• Legal, Welfare and Development Models Continental Legal : Civil Law Model : Corporatist Sector characteristics : Highly institutionalized, inter-dependent Mediterranean Legal : Civil Law Model : Emerging Sector characteristics : recently institutionalized New Member States Legal : Civil Law Model : Emerging Sector characteristics : weaker , dependent British Isles Legal : Common Law Model : Liberal (Anglo-Saxon) Sector characteristics : Highly institutionalised, independent Nordic Legal : Civil Law Model : Socio-democratic Sector characteristics : Less institutionalised, membership based
    • General Findings
      • Large number of initiatives to improve NPO accountability and transparency.
      • Driving force : growing social and economic importance of the sector.
      • Specific motivations include:
        • Transparency;
        • Value for (public) money;
        • Clarification of role – legal and societal;
        • Improved governance and effectiveness;
        • Prevention of fraud / crime;
        • Countering terrorist financing/money laundering threat.
      Close to 140 initiatives from 27 EU member states and EEA: including over 65 public and over 70 self-regulatory
    • Map of Public Regulation Initiatives Legal Status & Registration (28) Transparency & Reporting (32) Governance & Internal Rules (18) Fundraising (11) Public Funding & Tax (22) Supervision & Investigation (18) Unknown/Other (5)
    • Map of Self-Regulation Initiatives Certification & Accreditation (22) Standards, Guidelines, Codes of Conduct (41) Quality Management Systems (15) Databases (9) Other (2)
    • Trends in Self-Regulation
      • Standards, guidelines, and codes of conduct remain by far the most widespread type of effort.
      • Certification and accreditation schemes usually focus on fundraising and the use of donor contributions.
      • Quality management schemes enhance good governance across the organization.
      • Development of databases of NPOs is accelerating – use of internet.
    • Trends in Self-Regulation
      • As many international as national initiatives identified.
      • Sub-sectoral initiatives underrepresented in survey (language issues).
      • Self-regulatory initiatives originate in countries with more mature and diversified NPO sectors.
      • In new member states, more donor driven, less sustainable initiatives (now changing).
      • Generally “more meat” and “more teeth” when initiatives concern a more narrow, clearly defined group of NPOs.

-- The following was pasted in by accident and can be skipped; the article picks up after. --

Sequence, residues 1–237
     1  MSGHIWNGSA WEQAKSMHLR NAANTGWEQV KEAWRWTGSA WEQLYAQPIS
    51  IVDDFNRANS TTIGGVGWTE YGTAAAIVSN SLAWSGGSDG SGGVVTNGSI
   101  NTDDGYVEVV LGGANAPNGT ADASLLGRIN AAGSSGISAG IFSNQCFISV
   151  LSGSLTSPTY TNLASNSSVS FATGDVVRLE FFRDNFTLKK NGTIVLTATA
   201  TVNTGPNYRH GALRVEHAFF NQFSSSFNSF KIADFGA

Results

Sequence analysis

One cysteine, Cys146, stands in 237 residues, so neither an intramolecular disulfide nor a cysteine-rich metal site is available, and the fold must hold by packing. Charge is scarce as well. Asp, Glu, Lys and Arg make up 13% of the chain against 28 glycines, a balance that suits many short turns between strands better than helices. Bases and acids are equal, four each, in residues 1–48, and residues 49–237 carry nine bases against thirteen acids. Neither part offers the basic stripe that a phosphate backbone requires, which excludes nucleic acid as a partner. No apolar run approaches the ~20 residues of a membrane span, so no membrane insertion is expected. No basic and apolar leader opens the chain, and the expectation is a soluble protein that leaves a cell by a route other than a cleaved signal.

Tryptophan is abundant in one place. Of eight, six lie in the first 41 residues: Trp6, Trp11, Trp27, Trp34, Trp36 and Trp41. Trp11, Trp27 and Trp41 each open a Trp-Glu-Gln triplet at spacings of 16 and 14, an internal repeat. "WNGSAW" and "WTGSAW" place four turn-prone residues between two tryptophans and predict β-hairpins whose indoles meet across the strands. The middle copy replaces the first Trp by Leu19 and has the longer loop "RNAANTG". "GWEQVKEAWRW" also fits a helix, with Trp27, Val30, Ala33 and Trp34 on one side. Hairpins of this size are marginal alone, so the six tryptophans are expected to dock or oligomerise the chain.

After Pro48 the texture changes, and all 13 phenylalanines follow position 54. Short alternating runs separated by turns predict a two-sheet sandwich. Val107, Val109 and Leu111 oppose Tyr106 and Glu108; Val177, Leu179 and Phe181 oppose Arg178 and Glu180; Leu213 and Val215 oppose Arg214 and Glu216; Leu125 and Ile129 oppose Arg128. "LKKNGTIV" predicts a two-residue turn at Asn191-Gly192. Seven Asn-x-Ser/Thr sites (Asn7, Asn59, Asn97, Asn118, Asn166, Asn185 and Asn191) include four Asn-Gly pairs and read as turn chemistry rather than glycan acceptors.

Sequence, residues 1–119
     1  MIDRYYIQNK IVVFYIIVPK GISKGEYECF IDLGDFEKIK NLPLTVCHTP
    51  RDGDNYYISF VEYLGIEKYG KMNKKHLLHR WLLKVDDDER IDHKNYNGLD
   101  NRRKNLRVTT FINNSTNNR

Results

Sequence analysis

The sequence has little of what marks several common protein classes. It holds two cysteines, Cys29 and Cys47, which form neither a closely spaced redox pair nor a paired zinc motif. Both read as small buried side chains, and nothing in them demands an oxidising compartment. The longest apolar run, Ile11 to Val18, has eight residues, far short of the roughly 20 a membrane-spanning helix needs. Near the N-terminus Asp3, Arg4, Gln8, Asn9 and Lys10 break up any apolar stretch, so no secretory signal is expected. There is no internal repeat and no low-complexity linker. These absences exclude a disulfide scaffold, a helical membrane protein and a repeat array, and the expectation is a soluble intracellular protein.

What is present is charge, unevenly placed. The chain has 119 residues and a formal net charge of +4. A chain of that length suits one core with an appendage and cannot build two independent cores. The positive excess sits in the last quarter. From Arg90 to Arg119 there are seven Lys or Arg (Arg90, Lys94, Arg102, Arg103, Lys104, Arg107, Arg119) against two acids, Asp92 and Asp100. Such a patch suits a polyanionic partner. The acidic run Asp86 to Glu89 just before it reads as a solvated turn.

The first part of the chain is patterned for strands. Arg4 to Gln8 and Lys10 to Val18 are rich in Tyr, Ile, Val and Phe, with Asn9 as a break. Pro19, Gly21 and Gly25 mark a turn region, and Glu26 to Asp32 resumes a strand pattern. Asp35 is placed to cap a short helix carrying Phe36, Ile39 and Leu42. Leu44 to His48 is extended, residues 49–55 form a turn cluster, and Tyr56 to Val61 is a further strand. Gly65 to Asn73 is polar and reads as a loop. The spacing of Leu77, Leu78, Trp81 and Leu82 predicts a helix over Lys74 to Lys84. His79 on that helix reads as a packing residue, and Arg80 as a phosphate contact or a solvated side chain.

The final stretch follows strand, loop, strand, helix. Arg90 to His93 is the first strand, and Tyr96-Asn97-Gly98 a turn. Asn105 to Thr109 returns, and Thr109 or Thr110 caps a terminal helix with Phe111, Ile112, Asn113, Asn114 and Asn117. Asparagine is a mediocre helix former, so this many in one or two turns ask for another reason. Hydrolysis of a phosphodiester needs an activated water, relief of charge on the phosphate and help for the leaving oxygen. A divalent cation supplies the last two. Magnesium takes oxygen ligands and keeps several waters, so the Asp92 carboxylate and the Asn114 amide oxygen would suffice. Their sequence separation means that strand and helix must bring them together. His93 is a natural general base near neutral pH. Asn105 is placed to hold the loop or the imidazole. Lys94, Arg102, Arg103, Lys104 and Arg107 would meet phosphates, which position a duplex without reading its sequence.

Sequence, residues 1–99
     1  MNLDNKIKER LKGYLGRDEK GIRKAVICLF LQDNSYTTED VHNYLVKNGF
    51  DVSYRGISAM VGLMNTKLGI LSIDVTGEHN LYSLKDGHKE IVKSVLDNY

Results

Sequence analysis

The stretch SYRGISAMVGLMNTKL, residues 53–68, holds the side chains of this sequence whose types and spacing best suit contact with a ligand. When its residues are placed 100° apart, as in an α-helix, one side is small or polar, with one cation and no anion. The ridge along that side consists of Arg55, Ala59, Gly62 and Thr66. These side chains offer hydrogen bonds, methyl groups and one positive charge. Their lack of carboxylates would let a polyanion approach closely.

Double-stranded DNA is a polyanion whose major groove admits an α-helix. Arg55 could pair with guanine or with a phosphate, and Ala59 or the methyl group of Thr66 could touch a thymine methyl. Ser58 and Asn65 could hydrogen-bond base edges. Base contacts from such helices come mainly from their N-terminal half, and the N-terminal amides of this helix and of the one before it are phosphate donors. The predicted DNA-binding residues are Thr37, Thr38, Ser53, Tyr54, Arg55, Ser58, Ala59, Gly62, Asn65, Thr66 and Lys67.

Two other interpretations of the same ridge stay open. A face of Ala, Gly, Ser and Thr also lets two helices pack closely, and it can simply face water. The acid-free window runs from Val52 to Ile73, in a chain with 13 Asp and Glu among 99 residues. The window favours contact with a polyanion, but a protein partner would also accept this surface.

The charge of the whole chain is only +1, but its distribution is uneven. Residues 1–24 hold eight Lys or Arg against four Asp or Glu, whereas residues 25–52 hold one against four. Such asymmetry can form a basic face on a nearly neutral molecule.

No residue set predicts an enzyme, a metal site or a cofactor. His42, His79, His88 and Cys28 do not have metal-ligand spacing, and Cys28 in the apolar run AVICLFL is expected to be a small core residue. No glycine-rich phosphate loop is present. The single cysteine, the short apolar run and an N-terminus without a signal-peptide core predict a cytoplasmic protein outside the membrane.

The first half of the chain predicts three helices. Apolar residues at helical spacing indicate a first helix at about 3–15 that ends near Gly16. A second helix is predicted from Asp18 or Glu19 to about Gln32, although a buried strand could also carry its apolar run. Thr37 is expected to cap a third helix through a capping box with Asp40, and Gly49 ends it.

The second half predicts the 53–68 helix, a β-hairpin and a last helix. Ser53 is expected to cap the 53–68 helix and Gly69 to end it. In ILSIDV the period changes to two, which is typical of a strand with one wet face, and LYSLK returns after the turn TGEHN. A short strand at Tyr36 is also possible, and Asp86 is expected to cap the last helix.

• Convergence trends
      • Co-regulation
        • Ireland (Charities Act – Fundraising Code)
        • Estonia – National Foundation – Code of Conduct (for funding applications)
        • Netherlands – CBF – municipalities (for collection permits)
        • Guidestar model (NPO database linked to government registry)
        • Public Benefit Legislation?
    • Main methods of self-regulation
      • Databases
      • Codes of conduct
      • Certification/accreditation schemes
      • Quality management systems
      • Watchdog organisations
    • Goals for self-regulation
      • Who do we want to please and why?
        • Accreditation schemes: the public, to give more donations
        • Databases: the public, to give responsibly
        • Codes of conduct: ourselves, to trust each other // the government, to leave us alone
        • Quality systems: our users to turn our services // the government to finance our services
    • Issues in self-regulation
      • Minimum standards / low entry scheme
        • Aim to reach out to all NPOs, increase overall level of transparency & accountability
      • or:
      • “ Club of excellence” / high entry scheme
        • Aim to set example, or hold to account the most funded or most visible NPOs
    • EFQM European Award EFQM National Award EFQM R4E / PQASSO 3 rd level EFQM C2E / PQASSO 2 nd level ISO 9001 Investors in People PQASSO 1 st level Plan, Do, Check, Act Quality is not an issue for the organization. The Quality Ladder © Accountability standards e.g. Trademark of Trust © Civil Society Development Foundation Hungary
    • Issues in self-regulation
      • Implementation – “compliance”
      • Codes of conduct:
        • Declarative (principles, e.g. Slovakia Foundations’ Code of Ethics)
        • Guidance (general; no compliance mechanism – e.g. Italian Charter for Donations)
        • Standards (specific; with compliance mechanism – e.g. Ireland Statement of Guiding Principles for Fundraising)
    • Issues in self-regulation
      • Financing: who pays?
      • Government: e.g., Guidestar (database); introduction of quality assurance schemes
      • Users: accreditation schemes, maintenance costs of QA
      • Donors: introduction of codes of conduct
      • Members: maintenance of codes of conduct
      • Won’t work without a “business model”!
      • Thank you!
      • www.ecnl.org